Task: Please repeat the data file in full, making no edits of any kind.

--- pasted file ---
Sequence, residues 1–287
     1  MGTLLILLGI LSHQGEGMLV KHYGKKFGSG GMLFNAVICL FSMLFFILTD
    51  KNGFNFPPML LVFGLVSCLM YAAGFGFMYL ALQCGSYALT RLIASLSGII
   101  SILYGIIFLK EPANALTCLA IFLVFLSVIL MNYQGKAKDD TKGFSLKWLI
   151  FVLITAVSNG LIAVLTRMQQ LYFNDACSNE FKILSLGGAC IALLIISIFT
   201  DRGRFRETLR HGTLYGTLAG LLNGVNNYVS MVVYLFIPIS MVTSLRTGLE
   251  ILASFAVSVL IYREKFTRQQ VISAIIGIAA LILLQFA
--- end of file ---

Sequence, residues 1–287
     1  MGTLLILLGI LSHQGEGMLV KHYGKKFGSG GMLFNAVICL FSMLFFILTD
    51  KNGFNFPPML LVFGLVSCLM YAAGFGFMYL ALQCGSYALT RLIASLSGII
   101  SILYGIIFLK EPANALTCLA IFLVFLSVIL MNYQGKAKDD TKGFSLKWLI
   151  FVLITAVSNG LIAVLTRMQQ LYFNDACSNE FKILSLGGAC IALLIISIFT
   201  DRGRFRETLR HGTLYGTLAG LLNGVNNYVS MVVYLFIPIS MVTSLRTGLE
   251  ILASFAVSVL IYREKFTRQQ VISAIIGIAA LILLQFA